I am reading through the material publicly available from The Open University in Britain (courtesy the iTunes store) in their World Religions course. What particularly caught my eye this morning was embedded in a description of Buddhism. The first precept - called 'noble truth' of Buddhism is that suffering is the default position in life. The Buddhist says there are indeed episodes of happiness during life, but that these are merely incidences of 'Guilded sorrow'.
My experience of life thus far matches this description. But I have always wondered at the many others I have known in my 61 years who have seemingly reversed this - who seem usually happy with episodes of unhappiness. Are they presenting a brave face to the world? Or do they disprove the Buddhist paradigm? Or, in Buddhist terms, are they farther along the path to Nirvana than I?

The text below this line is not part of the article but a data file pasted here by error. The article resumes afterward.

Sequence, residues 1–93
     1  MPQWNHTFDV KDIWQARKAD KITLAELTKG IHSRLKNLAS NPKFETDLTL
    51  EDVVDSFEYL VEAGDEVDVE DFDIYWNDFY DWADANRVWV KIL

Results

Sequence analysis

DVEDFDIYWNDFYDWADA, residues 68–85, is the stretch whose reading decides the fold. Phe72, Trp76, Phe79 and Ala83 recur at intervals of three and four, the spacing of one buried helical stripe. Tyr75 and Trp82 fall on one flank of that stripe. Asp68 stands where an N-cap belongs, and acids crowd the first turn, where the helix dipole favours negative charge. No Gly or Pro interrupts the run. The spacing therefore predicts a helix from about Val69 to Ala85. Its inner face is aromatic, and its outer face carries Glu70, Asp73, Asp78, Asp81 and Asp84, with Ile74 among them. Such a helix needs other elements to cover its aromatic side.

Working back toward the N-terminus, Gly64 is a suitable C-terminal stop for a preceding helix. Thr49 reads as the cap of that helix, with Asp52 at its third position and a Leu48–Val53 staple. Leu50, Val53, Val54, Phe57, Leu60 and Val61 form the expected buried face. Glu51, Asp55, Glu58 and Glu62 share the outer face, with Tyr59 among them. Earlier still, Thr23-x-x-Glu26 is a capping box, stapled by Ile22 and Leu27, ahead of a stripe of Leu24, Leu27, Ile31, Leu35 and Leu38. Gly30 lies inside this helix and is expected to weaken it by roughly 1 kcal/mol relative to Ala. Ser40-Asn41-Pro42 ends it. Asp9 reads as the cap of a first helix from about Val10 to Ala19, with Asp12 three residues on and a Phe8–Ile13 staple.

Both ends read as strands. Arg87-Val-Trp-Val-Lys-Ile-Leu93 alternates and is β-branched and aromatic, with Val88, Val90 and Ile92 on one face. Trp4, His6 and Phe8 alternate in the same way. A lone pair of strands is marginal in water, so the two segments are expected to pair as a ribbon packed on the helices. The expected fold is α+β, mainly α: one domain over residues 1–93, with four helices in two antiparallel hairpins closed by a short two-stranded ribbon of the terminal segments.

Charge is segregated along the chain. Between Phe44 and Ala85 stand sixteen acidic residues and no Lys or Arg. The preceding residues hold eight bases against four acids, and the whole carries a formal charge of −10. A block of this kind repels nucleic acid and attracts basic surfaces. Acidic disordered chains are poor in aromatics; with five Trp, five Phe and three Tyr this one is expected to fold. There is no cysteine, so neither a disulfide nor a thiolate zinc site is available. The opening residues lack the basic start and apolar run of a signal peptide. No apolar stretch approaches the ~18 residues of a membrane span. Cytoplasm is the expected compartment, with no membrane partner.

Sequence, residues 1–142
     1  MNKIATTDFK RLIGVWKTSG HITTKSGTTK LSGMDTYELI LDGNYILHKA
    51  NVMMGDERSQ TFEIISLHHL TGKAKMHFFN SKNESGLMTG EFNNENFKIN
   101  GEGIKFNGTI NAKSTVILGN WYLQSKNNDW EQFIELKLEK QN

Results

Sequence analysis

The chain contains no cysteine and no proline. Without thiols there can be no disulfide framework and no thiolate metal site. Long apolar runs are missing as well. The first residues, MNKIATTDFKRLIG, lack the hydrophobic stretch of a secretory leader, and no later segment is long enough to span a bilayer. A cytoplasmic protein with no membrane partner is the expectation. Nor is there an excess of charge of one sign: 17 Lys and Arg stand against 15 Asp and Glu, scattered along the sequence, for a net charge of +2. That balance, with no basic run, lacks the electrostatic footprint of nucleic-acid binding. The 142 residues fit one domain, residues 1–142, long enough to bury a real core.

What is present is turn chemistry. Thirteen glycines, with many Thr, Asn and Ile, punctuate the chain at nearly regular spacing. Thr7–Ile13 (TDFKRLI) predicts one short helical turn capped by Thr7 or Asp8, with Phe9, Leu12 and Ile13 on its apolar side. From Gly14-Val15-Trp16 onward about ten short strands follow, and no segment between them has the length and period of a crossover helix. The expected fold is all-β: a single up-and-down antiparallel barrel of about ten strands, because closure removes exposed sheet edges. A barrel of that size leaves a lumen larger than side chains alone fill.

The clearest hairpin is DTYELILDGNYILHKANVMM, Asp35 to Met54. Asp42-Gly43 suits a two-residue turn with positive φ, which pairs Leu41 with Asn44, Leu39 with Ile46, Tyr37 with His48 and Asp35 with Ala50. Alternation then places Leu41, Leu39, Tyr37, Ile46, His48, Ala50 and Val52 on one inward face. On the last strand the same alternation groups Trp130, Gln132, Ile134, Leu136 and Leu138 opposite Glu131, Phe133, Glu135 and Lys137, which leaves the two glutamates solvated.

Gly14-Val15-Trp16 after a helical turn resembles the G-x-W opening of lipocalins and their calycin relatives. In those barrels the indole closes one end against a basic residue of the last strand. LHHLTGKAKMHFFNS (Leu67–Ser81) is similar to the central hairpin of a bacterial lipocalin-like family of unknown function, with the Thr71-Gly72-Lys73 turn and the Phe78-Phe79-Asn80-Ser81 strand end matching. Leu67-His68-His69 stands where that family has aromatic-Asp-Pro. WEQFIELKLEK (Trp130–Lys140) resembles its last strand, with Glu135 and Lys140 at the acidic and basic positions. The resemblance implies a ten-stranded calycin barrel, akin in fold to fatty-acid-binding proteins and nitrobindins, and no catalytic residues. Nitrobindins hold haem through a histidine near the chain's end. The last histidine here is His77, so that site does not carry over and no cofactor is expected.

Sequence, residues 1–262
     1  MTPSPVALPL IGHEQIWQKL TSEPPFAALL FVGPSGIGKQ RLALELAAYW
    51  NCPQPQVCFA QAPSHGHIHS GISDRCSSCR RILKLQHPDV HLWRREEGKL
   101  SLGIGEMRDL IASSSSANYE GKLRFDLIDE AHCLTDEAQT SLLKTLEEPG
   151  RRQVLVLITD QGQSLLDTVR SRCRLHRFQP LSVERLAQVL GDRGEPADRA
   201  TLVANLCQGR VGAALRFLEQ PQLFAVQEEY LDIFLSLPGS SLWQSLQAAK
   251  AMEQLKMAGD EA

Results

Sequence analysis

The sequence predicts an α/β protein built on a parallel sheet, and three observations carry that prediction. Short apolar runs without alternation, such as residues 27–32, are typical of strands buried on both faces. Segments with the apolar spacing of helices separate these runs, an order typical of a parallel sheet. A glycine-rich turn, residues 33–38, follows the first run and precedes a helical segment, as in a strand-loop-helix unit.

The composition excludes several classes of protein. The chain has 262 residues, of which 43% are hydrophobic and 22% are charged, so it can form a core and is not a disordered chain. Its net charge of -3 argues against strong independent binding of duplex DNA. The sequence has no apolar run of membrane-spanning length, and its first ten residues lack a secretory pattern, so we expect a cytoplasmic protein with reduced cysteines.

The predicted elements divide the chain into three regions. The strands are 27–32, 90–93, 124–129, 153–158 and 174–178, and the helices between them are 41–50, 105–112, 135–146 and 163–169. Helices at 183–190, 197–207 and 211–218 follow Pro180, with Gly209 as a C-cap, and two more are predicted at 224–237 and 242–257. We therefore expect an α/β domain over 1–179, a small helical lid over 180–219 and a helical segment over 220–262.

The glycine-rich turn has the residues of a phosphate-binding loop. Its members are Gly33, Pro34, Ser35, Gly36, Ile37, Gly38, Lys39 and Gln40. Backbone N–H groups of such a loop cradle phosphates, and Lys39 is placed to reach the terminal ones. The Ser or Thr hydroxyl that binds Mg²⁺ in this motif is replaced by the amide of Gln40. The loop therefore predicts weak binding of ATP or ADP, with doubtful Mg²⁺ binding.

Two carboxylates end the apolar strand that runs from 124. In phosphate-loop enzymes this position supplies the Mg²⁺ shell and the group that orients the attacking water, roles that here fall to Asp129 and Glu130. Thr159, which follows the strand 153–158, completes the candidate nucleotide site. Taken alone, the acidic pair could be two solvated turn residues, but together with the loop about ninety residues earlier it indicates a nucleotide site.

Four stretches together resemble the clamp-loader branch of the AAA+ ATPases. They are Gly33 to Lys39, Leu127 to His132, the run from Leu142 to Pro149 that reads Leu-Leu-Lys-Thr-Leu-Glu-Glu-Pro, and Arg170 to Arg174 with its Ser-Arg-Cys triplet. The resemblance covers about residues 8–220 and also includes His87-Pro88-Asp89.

I am a Catholic Christian (albeit on vacation from the Church right now) where it is assumed, as in Buddhism, that humanity is fallen and broken and that true happiness, as opposed to the ephemeral happiness of here and now, comes only with heaven. Eastern Christians, who focus on matters of the spirit more than on the legal strictures so evident in my church, call this 'deification'. This seems little different from the Nirvana of the Buddhists, the moksha of Hindus, the paradise of Muslims.
Well, my morning coffee is done, and on to other things now!